Clearly, Genesis 11:6-9 informs us that God never intended for man to communicate on a mass scale. In fact, He confounded their language so they could not communicate. Yet we are light years from the printing press in the 21st Century. The fax machine brought down the Berlin Wall in the 80s (so it is said). The internet took the world by storm in the 90s, and the hand-held device is taking to the brink of Critical Mass Communicaton. We are reaching a dangerous level of saturation of information and communication and few people are talking about it.
I must admit, we live in an amazing world. We can search the internet from a handheld device and be in touch with unfathomable amounts of data. And the archives are growing by the day. The vision of Google has been to place “all human knowledge” within the reach of anyone with a handheld device. These devices not only receive — they send. At the time of this post, it is not uncommon for people to go live with a video feed to Facebook from their smartphone. Fifteen years ago it would have cost a king’s ransom to have a live video feed on the internet. Today it is free! So much communication is going out that it seems that everyone knows about everything that is going on everywhere. The words of Samuel Morse echo in my mind, “What hath God wrought? Really? How will the human race survive in a world where everyone has a means of streaming every bad thing that happens. How will we not be swallowed up with despair and anger?
I pick my phone up and I see a list of four headlines… three of which I’m incensed or distressed by. What is worse is that there is usually nothing I can do about it. In the 70s, 80s, and 90s we had to come home and watch the 6 o’clock news to get distressed. Not now. Distressing information is flooding into our face continually from everyone from CNN and BBC to Fox News and the Washington Post (if we have a smartphone). A perpetual barrage of incendiary headlines that are meant to inflame the reader. And that’s just on a World and National level. What about social media? How often are we distressed in a given day by something a friend or family member has tweeted or posted to Facebook? We used to have no idea the person felt that way, but now we have to deal with it. We know way too much about each other it seems… And it causes an incredible amount of disillusionment, stress, confusion, and tension. Again, what is worse is that there is usually nothing I (or we) can do about it.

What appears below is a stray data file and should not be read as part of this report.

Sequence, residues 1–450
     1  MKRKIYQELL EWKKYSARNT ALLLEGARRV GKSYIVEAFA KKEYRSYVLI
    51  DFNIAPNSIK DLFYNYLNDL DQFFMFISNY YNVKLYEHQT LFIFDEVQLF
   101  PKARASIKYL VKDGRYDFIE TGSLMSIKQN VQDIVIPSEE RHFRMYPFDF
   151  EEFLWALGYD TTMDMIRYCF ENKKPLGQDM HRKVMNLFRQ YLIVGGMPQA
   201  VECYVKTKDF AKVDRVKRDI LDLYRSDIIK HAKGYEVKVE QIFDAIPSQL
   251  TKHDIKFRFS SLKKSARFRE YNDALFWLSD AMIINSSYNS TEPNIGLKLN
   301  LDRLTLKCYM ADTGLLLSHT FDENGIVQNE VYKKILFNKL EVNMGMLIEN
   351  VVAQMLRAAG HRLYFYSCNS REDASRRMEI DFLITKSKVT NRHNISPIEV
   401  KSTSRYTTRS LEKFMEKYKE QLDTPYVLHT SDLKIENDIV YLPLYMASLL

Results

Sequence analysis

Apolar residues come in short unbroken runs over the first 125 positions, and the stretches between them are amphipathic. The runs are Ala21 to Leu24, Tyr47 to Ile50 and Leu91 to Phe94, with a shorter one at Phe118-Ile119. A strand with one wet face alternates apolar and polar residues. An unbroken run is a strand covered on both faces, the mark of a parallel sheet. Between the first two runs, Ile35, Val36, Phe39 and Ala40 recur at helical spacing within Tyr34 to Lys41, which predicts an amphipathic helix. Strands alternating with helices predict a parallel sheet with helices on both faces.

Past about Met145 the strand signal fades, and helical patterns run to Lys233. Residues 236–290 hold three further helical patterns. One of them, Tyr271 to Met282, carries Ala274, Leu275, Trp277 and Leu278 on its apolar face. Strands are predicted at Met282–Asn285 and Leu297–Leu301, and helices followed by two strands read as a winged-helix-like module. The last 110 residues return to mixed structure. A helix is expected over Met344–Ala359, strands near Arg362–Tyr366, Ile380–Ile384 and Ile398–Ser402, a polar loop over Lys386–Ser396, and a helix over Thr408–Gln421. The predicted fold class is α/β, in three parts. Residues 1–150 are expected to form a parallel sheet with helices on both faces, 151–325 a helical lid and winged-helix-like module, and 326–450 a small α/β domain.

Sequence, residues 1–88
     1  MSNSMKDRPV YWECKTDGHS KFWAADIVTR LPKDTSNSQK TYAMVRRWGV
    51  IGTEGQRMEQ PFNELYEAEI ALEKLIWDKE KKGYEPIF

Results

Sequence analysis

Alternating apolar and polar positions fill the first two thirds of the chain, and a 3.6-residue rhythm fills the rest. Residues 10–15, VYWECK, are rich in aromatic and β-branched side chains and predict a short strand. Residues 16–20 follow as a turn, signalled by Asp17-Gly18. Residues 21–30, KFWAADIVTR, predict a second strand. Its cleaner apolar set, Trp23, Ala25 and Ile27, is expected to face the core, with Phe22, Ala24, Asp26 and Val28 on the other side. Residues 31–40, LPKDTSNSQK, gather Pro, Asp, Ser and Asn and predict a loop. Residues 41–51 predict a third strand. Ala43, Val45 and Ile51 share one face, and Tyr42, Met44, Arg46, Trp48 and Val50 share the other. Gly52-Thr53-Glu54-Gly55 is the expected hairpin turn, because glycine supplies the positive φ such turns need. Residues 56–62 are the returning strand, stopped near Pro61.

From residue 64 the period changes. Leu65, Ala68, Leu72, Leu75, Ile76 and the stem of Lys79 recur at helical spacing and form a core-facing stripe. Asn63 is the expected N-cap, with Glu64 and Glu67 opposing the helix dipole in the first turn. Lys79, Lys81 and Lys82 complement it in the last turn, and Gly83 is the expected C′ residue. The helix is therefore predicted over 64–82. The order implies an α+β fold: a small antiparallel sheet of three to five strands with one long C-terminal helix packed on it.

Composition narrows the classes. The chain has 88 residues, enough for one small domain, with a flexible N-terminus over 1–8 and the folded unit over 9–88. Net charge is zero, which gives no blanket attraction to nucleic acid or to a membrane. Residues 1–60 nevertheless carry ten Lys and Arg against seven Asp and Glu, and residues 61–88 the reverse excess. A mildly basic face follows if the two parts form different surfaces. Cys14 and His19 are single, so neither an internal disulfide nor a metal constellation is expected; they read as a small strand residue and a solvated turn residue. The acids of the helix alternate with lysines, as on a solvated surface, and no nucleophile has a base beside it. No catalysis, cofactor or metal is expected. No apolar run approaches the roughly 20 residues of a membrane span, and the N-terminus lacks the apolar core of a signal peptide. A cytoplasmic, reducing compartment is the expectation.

How will humanity survive the 21st Century? At this point, we are along for the ride. God is in control, but we have opened the proverbial “pandoras box.” We are in uncharted waters in an age where information is not shedding light — it is bringing great darkness. Obviously, technology is not all evil and I get that. But what are we going to do when the whole world is filled with violence because we know too much and we have seen too much that we would not have had access to 30 years ago? Just asking. I don’t have the answers and I don’t know who does.
It’s like were in our own Acts 27 right now. We’re feeling the beginnings of the waves on the ship with Paul after the shipmaster decided to defy God (Paul who was God’s representative) and sail on to Rome. When you defy God He often quits speaking — even to the man of God. Eventually, God did break radio silence (as it were), but it was not until the men on board had been thoroughly terrorized by the storm that they should have never gone through. What must we endure in the weeks, months, and years to come? We’re MASS COMMUNICATING now and it seems were on the brink of CRITICAL MASS. We have broken through the measure that God put in place in Genesis 11:6-9. God help us.
And the LORD said, “Indeed the people are one and they all have one language, and this is what they begin to do; now nothing that they propose to do will be withheld from them.